Global Policy Forum

A Crucial Case for the International Criminal Court


By James A. Goldston, Chidi Anselm Odinkalu
and Jeremiah Smith Jr.*

International Herald Tribune
February 26, 2004

Last month President Yoweri Museveni of Uganda became the first head of state to ask the newly formed International Criminal Court to investigate a case. The court, ratified by 92 governments but detested by the Bush administration, remains in a delicate position. International perceptions of the court's competence and credibility - and the court's own viability - will be affected for years by the way its capable prosecutor, Luis Moreno Ocampo, handles the Uganda case.

By turning to the ICC, Museveni may be looking for a new way to settle scores. Since taking control of Uganda in 1986, Museveni has battled an odd combination of shamans, Bible thrashers and genocidaires on different sides of the Ugandan border. In the late 1980s, Alice "Lakwena" Auma, a young woman from northern Uganda, led the Holy Spirit Mobile Forces to rid Uganda of human "impurity" before fleeing to neighboring Kenya. Lakwena's cousin Joseph Kony later formed the Lord's Resistance Army, whose aim was to install a Christian government based on the Ten Commandments.

From camps in southern Sudan, the LRA has waged a campaign of terror in Northern Uganda, abducting 20,000 children, using many as soldiers and sex slaves, and committing rape and murder. The LRA has reportedly mutilated some of its victims, cutting off limbs or other body parts. In an LRA attack last Saturday on a refugee camp, more than 200 civilians were killed. In short, the LRA richly deserves prosecution. The ICC can make a major contribution by investigating and trying its leaders. But the crimes have not been committed by one side only. Uganda's army also faces allegations of abuses, including killing and forced displacement of civilians, though not on the scale of the LRA. To date, the government has made little effort to punish the responsible parties.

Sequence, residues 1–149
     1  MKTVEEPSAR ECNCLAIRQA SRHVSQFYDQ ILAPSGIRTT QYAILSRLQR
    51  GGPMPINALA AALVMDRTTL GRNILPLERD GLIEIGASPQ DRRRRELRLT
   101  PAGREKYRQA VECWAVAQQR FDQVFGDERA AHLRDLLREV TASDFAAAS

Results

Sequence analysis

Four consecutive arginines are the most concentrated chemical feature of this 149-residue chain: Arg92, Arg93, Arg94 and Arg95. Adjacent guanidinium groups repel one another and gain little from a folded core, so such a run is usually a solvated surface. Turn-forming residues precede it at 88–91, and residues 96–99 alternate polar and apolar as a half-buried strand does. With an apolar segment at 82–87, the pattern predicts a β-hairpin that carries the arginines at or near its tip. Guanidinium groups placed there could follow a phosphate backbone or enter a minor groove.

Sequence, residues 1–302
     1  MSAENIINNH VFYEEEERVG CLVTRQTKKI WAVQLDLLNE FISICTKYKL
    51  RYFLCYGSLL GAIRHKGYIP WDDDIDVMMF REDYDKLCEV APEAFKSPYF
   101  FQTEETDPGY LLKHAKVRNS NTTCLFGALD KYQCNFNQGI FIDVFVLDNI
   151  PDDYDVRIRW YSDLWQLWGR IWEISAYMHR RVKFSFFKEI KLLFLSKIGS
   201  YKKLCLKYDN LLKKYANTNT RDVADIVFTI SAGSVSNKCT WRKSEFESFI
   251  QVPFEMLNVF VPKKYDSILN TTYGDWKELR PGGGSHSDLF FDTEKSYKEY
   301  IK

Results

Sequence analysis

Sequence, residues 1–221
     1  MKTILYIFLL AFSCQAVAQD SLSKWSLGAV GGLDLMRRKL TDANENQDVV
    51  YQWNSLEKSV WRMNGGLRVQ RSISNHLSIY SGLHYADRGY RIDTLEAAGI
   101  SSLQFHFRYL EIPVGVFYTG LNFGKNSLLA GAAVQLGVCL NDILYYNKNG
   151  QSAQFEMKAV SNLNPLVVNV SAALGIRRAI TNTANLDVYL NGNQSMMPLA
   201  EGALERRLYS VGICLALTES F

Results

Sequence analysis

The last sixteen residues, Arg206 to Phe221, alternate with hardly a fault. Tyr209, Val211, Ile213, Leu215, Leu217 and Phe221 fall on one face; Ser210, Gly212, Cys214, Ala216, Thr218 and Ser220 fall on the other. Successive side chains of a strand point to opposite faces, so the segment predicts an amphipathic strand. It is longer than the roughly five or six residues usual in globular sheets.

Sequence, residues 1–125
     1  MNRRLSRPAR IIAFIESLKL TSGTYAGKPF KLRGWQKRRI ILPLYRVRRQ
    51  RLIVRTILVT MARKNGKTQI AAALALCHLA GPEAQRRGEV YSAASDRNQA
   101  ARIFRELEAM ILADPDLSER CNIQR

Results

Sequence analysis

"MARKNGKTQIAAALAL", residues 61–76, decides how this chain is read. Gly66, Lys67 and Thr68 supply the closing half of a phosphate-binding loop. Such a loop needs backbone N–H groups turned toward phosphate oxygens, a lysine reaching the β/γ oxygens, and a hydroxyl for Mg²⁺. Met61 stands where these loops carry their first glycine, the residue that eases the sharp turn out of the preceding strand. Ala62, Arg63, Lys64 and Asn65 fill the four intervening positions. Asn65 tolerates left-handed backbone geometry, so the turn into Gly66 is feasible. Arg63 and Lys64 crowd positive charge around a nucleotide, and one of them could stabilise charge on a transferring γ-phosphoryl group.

The Ugandan referral poses two challenges to the ICC's prosecutor.
First, he needs to put the LRA's leaders in the dock. Joseph Kony is said to be holed up in Sudan. That country has an incentive to hand over Kony. Its government recently sought to burnish its international image by ending one of its civil conflicts. Officials in Naivasha, Kenya, are finalizing an agreement to end Sudan's 50-year civil war with the Sudan People's Liberation Army in the south. With yet another war intensifying in the west, Sudan has its hands full.

This turn of events might lead Museveni, a trusted American client, to ask the U.S. government, the most influential guarantor of the Naivasha talks, for help in leveraging Sudan's cooperation. But Washington has no good will toward the International Criminal Court and cannot be counted on to pressure Khartoum. Kenya, host of the Naivasha talks, wants to steer clear of these conflicting interests.

Outside help is available, primarily through the Inter-Governmental Authority on Development, the regional security organization overseeing the Naivasha talks. The authority and its observer countries, Britain, Norway and Italy, should push for early completion of a Sudanese peace deal. The authority should urge its member states, including Kenya, Sudan and Uganda, to aid the ICC's prosecutor by promptly responding to requests for information and executing any arrest warrants.

A second challenge may be even greater. The ICC must fulfill its promise to mete out impartial justice for the most serious crimes, even where, as here, a case has been referred for political reasons. Museveni is seeking to amend the Constitution so that he can run for a third term as president in 2005. Prosecution of the Lord's Resistance Army by the ICC would win Museveni votes in the strife-torn north, where the population has been devastated by years of war.

Museveni's request only concerns the LRA, but the prosecutor's investigative powers extend to crimes committed by any party in Uganda. Moreno Ocampo should make clear that while he welcomes governments' cooperation, his office operates independently. A president cannot immunize himself from prosecution simply by referring a case against his opponents. African leaders with dynastic designs on power who are putting down rebellions in their countries will be watching this case closely. Museveni's referral is a positive development, but it comes with risks. If it fails, the ICC gets the blame. If it succeeds, Museveni could reap immediate political reward with a legacy of far-reaching international dimensions.

Luis Moreno Ocampo has shown that he possesses sound judgment and ample diplomatic skill. All that and more will be required in investigating and prosecuting crimes in Uganda to the fullest. The future of the ICC depends on it.

About the Author: James A. Goldston is executive director of the Open Society's Justice Initiative. Chidi Anselm Odinkalu is the Justice Initiative's senior legal officer for Africa. Jeremiah Smith Jr. is a lecturer at Harvard Law School.

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